When Dr. Eric Zeller came to what was then The Master’s College in 1997, his plans included little more than completing the school’s institute program. He expected to take a host of Bible classes and leave after one academic year.
That’s because Zeller loved computers. He’d learned to write HTML as the internet was beginning to boom and had already been hired as a teenager by a large software company. He intended to climb the ranks, but as a new Christian, he also wanted to deepen his faith. Hence his pitstop at TMC.
God had other plans, though. Zeller ultimately stayed at TMC, fell in love with missions, attended The Master’s Seminary, and went on to become president of the first-ever evangelical seminary on the Arabian Peninsula.
“The Lord was pulling me in the direction of being in some kind of full-time ministry,” says Zeller, who has served as president of Gulf Theological Seminary in Dubai since 2020. “I didn’t know what that looked like, but I wanted to stay at TMC and explore what that meant.”
Classes and dorm life during Zeller’s first year at TMC impacted him tremendously, he says. For the first time in his life, he was surrounded by people serious about their faith and “doing something” with that faith. One conversation in particular that year changed the trajectory of Zeller’s future.
A friend, Matt Gilbert, mentioned that he was leading a short-term missions trip to Italy in the summer, and he needed more men to go.
Gilbert, who now serves as a board member at the University, urged Zeller, saying, “Today is the last day to sign up. I need you to go to King Hall right now to fill out the paperwork.” Zeller had no summer plans, so he agreed. “Why not?” he thought. “That sounds fun.”
In reality, the trip was much more than that. Zeller’s mindset shifted dramatically as he worked with church planters in a small Italian village. “Seeing these normal people give their lives to spread the gospel opened my eyes to see, ‘Maybe this is something I should think about doing,’” Zeller says.
In the end, Zeller decided to stay at TMC and enroll in the biblical languages program. He also attended the school’s Israel Bible Extension Program (IBEX), where he met a young woman, Heather Nall, who shared his newfound desire for missions. They fell in love, got married shortly after graduation, and now have five children — Caroline, the oldest, is studying business at TMU.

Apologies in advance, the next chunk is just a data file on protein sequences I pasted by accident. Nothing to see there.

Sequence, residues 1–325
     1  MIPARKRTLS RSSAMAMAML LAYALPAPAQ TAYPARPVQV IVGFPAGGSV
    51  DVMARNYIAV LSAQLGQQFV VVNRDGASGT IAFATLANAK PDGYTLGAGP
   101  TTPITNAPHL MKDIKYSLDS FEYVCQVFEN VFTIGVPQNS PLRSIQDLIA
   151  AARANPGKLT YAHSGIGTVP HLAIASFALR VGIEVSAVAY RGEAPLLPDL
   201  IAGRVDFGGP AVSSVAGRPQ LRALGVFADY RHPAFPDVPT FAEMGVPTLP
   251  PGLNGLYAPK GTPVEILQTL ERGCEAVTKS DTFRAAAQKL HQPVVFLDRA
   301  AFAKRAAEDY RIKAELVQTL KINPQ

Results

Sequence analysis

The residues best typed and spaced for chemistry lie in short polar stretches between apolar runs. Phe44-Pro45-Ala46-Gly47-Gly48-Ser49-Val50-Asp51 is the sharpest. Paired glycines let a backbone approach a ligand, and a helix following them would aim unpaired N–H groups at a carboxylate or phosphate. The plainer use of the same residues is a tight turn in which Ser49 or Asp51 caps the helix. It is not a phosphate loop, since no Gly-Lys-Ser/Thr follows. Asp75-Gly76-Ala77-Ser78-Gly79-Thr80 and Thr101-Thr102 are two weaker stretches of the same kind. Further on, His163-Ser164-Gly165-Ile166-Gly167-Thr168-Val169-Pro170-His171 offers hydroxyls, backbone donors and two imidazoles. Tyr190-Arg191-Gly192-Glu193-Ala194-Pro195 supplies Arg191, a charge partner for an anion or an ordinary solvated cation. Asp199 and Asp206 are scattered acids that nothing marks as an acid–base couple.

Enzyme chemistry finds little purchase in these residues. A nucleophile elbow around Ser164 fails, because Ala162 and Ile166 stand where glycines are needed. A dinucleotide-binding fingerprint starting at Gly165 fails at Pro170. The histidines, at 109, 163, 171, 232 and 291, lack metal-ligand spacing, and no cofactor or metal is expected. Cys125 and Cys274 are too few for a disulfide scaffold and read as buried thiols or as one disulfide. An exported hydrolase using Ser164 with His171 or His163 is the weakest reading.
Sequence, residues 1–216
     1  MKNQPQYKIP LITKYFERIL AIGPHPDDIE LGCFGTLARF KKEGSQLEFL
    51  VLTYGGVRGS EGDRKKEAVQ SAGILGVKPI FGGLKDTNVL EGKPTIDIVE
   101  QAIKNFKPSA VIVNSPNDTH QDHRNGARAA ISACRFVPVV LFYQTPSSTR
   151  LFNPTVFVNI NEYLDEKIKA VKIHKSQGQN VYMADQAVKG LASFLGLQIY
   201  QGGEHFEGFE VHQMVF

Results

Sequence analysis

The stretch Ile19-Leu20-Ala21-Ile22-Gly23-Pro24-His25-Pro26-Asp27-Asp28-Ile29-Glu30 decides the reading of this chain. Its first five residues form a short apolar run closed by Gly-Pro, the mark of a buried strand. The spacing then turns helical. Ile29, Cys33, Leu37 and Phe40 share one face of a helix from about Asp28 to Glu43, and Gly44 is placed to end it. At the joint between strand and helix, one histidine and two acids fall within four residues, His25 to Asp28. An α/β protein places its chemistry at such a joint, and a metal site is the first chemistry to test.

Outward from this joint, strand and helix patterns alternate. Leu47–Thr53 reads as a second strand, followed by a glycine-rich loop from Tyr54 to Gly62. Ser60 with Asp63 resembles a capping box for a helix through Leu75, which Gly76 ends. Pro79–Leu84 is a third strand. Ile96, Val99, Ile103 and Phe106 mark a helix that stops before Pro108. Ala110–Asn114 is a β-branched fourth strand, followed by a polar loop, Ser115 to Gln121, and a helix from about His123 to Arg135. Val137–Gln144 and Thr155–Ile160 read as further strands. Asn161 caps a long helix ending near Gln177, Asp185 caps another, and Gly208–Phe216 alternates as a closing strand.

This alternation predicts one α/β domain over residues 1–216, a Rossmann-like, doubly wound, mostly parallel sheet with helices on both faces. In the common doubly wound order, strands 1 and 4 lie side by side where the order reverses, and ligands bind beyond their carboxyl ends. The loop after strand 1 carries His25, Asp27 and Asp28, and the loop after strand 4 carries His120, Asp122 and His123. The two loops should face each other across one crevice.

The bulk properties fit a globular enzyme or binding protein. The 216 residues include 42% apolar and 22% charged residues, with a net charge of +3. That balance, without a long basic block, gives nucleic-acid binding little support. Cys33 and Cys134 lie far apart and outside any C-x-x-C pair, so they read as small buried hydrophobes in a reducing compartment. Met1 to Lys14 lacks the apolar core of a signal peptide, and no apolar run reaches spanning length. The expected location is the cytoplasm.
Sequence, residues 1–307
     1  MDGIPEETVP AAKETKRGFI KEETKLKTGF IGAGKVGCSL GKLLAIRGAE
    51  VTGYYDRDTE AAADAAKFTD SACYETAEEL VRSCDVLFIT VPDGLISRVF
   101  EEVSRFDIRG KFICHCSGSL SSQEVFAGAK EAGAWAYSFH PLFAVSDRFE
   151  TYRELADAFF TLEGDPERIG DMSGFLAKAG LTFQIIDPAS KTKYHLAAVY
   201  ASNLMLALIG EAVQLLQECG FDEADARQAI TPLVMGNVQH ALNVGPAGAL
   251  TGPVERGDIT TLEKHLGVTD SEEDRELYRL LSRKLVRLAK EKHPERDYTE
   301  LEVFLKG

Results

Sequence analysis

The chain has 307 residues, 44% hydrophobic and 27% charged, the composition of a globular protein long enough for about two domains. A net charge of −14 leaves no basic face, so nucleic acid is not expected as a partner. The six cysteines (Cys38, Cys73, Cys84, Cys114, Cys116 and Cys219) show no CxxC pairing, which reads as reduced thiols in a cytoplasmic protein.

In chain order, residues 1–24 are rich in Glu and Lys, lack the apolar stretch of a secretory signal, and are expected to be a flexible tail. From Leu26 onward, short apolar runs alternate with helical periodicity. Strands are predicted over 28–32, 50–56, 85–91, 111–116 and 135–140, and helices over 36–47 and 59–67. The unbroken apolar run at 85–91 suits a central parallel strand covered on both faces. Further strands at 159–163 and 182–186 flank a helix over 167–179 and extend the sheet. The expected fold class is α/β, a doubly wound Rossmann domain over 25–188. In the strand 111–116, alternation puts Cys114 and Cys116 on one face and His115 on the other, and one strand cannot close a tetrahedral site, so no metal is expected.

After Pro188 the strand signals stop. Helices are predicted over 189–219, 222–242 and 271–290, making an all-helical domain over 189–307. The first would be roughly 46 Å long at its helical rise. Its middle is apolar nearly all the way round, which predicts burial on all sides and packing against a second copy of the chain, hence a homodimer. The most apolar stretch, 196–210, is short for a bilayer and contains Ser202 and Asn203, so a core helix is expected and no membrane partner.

After Eric graduated from TMC in 2000 and The Master’s Seminary in 2003, the Zellers moved to Texas, where Eric served as an associate pastor at a newly planted church. In the long term, however, Eric and Heather (’01) wanted to be involved in theological education overseas, training pastors and church planters to preach the gospel in their native context.
That opportunity came first in 2013 in Delhi, India — where Zeller helped establish a seminary program — and then in Dubai, the largest city in the United Arab Emirates (UAE), two years later.
Zeller says the UAE is uniquely positioned for gospel fruitfulness, in part, because the country largely consists of temporary expats. In other words, many men in the UAE could be trained in the Scriptures before they return to their homes across the world to faithfully teach God’s Word.
To that end, in connection with Redeemer Church of Dubai, Zeller helped launch what was originally called “Gulf Training Center” in 2016. He taught courses on exegesis, hermeneutics, and the New Testament and led the growing ministry team. As news of the fledgling training center spread, the number of students quickly increased. “It basically doubled every year for the first four or five years,” Zeller says. “We’re up around 150 now.”
In 2020 the training center took on a new name: Gulf Theological Seminary, and the board of directors asked Zeller to serve as the first president.
The seminary’s mission, however, remained the same: “to equip pastors, church planters, and lay leaders to multiply faithful churches in the Middle East, South Asia, East Asia, and Africa.” So far, the school has trained men — many of whom were brand new Christians — from the Philippines, Kenya, Nigeria, Pakistan, Iran, Lebanon, Egypt, Palestine, the Netherlands, Croatia, and Canada, among other countries. “As we see the hunger that students have for the Word, and the incredible variety of countries they’re going back to, we really feel like God is doing something here,” Zeller says.
The going hasn’t always been smooth. “There are a lot of challenges in running an organization like this,” Zeller says. “I think the challenge really is living with perseverance and encouragement, being hopeful and trusting that God is doing something through days that don’t feel productive. I have to remind myself to look back at these last 10 years and the ways the Lord has worked.”
Ultimately, Zeller believes this is just the beginning.
“I think the next decade is going to be 20 times more fruitful than the last decade,” Zeller says. “We can’t wait to see what the Lord is going to do.”
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